My Chemical Romance: Wright’s Coal Tar Soap
Worried about toxins in your toiletries? In a panic about parabens or SLS? Hysterical about the carcinogenic potential of those antiseptic heroes lurking behind the more expensive stuff in your bathroom cabinet? Then maybe it’s time to take a step back and champion some of the hard-working chemically infused, conventional cosmetics that have been part of our beauty regimes for decades. Leanne Cloudsdale introduces Wright’s Coal Tar Soap, the first in a series of over-the-counter skincare trojans whose ingredients list would make Gwyneth Paltrow blush.
Words LEANNE CLOUDSDALE Photography JONATHAN LEIGH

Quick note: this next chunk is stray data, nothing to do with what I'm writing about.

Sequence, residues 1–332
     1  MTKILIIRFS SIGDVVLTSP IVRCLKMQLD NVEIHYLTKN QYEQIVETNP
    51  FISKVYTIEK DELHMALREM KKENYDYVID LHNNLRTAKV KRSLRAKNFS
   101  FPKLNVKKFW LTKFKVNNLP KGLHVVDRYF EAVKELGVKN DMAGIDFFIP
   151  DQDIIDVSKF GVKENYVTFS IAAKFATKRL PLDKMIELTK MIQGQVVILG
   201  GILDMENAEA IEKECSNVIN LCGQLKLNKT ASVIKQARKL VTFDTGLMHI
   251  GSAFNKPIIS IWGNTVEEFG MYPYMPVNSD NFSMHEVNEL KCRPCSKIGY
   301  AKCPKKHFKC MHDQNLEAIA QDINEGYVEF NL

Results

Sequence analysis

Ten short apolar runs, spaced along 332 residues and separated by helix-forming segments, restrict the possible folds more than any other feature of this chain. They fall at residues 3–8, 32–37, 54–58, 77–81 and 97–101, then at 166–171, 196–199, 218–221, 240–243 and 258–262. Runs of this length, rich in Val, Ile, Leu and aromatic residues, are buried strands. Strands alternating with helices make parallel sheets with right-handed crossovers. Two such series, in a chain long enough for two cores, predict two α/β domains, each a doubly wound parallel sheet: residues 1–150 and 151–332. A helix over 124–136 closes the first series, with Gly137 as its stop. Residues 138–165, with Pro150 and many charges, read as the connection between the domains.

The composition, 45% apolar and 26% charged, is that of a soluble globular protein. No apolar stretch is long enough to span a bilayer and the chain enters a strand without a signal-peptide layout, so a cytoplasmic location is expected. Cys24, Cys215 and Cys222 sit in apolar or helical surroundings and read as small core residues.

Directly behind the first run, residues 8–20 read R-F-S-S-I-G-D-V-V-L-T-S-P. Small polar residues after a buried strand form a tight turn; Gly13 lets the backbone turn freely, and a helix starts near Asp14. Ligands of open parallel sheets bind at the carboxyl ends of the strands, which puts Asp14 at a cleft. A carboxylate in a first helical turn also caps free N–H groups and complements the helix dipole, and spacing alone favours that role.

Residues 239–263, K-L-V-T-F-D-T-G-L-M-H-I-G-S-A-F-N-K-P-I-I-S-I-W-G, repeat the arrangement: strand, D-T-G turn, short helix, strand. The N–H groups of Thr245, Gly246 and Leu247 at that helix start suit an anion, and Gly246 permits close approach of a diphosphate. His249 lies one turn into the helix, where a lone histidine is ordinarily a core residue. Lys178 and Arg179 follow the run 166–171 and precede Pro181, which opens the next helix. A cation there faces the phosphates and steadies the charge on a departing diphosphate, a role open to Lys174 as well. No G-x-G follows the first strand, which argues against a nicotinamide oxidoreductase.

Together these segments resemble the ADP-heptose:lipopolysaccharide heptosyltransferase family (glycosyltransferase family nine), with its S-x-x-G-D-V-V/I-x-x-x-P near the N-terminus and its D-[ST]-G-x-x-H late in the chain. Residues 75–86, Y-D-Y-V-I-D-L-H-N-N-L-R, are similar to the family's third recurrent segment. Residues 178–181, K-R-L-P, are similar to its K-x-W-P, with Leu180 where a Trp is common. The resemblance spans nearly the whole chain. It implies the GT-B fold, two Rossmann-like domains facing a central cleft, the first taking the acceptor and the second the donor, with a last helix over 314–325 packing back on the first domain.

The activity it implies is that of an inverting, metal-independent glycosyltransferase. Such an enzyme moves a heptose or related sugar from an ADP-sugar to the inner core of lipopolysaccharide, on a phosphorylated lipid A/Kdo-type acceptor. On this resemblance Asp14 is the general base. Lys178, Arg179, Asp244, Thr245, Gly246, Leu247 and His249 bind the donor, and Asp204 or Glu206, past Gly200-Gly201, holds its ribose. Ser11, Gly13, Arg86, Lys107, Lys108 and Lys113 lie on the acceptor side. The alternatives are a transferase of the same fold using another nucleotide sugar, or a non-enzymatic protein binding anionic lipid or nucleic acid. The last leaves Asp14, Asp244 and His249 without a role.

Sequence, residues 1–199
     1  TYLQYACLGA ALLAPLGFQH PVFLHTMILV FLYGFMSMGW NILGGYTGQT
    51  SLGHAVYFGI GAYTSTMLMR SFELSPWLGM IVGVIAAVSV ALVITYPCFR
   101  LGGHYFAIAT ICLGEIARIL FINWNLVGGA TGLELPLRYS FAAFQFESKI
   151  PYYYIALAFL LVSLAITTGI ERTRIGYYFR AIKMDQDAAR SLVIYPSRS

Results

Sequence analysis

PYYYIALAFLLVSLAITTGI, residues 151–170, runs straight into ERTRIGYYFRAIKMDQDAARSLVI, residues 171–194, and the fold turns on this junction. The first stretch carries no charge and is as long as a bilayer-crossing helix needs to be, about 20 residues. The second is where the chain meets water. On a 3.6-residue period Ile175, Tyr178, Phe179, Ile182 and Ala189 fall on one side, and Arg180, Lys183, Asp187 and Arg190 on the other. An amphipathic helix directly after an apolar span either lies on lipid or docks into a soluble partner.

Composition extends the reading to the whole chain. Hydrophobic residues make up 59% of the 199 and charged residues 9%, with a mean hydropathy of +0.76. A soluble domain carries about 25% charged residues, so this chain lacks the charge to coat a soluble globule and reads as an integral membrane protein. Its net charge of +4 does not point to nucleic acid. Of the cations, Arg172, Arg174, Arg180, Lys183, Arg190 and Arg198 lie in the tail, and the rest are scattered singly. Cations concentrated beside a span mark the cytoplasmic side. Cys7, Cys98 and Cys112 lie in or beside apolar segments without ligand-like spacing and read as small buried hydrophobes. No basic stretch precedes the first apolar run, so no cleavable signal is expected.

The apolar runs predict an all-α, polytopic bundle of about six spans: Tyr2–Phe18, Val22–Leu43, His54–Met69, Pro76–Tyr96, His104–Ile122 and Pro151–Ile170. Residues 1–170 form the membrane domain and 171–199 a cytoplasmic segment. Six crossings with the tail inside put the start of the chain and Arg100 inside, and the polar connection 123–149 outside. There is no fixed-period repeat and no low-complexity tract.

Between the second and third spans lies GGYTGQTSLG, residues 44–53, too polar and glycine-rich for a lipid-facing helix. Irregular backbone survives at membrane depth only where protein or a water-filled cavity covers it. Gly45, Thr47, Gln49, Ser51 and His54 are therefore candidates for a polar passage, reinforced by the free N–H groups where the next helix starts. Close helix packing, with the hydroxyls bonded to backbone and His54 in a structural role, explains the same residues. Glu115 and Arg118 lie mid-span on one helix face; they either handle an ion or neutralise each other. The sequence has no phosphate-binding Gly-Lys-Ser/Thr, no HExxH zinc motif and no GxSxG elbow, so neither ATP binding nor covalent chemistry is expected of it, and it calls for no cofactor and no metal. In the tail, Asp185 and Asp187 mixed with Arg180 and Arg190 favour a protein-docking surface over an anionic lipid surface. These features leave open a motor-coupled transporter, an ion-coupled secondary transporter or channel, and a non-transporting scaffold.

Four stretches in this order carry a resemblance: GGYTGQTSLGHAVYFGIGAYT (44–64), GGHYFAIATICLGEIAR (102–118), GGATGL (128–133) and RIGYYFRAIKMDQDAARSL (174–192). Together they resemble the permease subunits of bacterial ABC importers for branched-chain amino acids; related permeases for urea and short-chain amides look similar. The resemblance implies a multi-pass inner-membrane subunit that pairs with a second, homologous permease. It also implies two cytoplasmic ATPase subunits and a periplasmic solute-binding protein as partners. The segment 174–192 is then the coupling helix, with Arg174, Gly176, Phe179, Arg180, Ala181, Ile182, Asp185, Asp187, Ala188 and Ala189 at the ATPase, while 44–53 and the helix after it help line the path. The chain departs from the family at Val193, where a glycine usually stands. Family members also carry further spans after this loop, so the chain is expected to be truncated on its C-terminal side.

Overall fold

I never quite perfected the art of roller-skating backwards, but still spent endless summers trying. My kid sister was fearless on hers, but I was always tense and nervous, overly concerned with the consequences of falling. As dusk fell, mum would start hollering our names from the end of the drive, summoning us indoors for bath time. A no-nonsense Scot, she never allowed us any of the frivolous girly treats our friends took for granted. Instead we were forced to share the bath, and take it in turns to be scrubbed down with Wright’s Coal Tar Soap. Formulated by English chemist and drug don William Valentine Wright in 1866, this antiseptic bar claimed to cure scabies, ringworm, head lice, psoriasis and acne. Created using a by-product of the coal distillation process called Liquor Carbonis Detergens, the formula was popularised by grotty Victorians who marvelled at its ability to shift all manner of greasy stains after a hard day’s toil. With a robust, medicinal smell that continues to polarise opinion, fans have a tendency to profess an almost evangelical, lifelong loyalty to this humble day-glow orange, seemingly immortal cleanser, which these days doesn’t contain any coal derivatives at all (the EU reserves those bad boys for prescription items only). We used to marvel and groan at how it seemed to last forever, grumble about how it made us smell like a freshly prepared operating theatre and alert her to the radioactive slime trails it left all over the bathroom. But she ignored our complaints, and in a way, I’m glad she did. Nowadays I love the stuff, but then I guess we all turn into our mothers some day.